But, there's a corrective measure we need to consider here.  In air there's not a whole lot of buoyancy to consider, but in water, one should.   If we had the mass and wanted to determine a terminal velocity, we would simply "massage" the mass by subtracting the mass of the water that the item would displace.  However, since we're doing things bass-ackwards, we have to take the 232,000 kilograms as a pre-corrected value.

That said, however, we're playing around a few unknowns here.  As noted, the engine had some man-sized holes in it and these were seen to be full of water as the engine sank.  How much of the internal volume of the engine was hollow and filled with water?   We don't know.  If half the engine was empty space, for instance, our displacement figure would be way off.

Now the question is about the volume, though, so we can at least start making guesses about the water displacement.  It'll take a bit longer than I have at the moment to go into Sketchup and cut off that part of the ship and really do it right, but we can guesstimate for now.

As noted, the engine diameter was 16.5 meters, and the length was 20.6 meters.   Assuming a proper cylinder of those dimensions gives us a volume of pi*(8.25^2)*20.6, or about 4400m^3.   But, that's a bit too large given the rounded-off edges of the cylinder.  I'd ballpark the correct figure at closer to a cylinder of 13.9 meters diameter, which gives us a volume of pi*(6.95^2)*20.6, or 3125m^3.   We'll just call it 3500m^3 for now.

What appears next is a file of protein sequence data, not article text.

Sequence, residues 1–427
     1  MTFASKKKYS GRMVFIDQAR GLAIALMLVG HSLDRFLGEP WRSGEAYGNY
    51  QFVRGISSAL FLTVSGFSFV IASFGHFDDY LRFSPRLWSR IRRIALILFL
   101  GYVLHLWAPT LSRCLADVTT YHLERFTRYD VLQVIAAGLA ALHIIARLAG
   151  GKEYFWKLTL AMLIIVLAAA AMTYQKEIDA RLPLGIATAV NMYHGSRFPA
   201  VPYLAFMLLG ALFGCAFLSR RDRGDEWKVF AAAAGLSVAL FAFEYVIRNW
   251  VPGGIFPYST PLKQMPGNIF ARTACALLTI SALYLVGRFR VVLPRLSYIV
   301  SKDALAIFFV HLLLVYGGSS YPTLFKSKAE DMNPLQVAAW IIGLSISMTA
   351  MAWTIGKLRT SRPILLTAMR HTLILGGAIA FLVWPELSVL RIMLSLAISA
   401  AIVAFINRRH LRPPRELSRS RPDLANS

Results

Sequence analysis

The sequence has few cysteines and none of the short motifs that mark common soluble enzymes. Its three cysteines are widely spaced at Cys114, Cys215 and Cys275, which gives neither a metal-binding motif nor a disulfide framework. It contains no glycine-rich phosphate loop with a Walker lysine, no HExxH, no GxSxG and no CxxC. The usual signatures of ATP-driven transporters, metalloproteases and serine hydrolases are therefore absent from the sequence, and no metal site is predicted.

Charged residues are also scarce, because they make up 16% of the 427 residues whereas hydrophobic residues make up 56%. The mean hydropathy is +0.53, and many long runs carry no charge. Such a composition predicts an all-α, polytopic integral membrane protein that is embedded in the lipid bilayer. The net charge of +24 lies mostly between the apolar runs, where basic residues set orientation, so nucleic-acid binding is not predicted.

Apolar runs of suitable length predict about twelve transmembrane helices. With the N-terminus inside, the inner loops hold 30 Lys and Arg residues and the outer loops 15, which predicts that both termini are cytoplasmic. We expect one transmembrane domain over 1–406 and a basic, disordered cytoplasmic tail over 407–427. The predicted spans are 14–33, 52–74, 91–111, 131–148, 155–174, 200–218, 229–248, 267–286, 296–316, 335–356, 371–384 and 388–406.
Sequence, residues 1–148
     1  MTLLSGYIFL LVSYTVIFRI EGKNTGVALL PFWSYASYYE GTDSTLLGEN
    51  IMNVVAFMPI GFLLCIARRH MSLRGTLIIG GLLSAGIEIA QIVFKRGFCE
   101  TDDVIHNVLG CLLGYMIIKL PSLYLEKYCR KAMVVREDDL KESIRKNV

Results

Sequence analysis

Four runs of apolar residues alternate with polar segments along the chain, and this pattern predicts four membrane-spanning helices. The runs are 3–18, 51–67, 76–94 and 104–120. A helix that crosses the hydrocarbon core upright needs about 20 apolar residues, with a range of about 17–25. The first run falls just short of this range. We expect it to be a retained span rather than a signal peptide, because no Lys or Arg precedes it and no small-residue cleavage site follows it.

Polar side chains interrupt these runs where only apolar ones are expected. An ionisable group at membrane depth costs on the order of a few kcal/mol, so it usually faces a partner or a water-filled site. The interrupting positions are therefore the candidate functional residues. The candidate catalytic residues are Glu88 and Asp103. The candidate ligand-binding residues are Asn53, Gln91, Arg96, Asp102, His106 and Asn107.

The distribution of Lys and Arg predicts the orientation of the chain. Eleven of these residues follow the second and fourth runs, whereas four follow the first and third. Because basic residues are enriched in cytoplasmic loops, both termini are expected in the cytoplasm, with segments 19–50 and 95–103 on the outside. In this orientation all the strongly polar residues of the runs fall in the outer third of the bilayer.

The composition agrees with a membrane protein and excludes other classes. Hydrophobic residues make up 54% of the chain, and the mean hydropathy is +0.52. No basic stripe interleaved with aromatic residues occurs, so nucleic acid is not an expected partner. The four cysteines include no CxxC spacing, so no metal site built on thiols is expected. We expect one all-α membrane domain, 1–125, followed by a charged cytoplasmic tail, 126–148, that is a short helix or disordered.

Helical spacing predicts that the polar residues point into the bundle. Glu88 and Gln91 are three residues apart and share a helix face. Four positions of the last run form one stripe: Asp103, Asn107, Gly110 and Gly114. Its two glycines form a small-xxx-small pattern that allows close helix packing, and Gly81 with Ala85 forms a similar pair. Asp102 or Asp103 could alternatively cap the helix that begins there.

3500 cubic meters of water masses 3500000 kilograms.  That means we need to add that or some fraction of that to our 232000 kg to get the complete picture.   Assuming a perfectly un-holed watertight engine, for instance, we'd be looking at 3732000 corrected kilograms.   If half the engine was waterlogged, we'd be looking at 1982000 corrected kilograms.

So, basically, we're looking at engine density of 1982000/3500 kg/m^3 or 3732000/3500 kg/m^3, which work out to engine densities of 566 and 1066 kg/m^3, respectively.

That's pretty amazing, since I had previously estimated that "Star Destroyer density probably falls somewhere in the 500-1000kg/m³ range".   And here we have figures that are almost exactly that after a chain of math and reasoning.  

But, the fact is, the displacement correction in which I used half-water and no-water meant it couldn't have had any other result, because the 232 tonnes was such a small figure by itself compared to the 3,500 tonnes of 3500 cubic meters of water.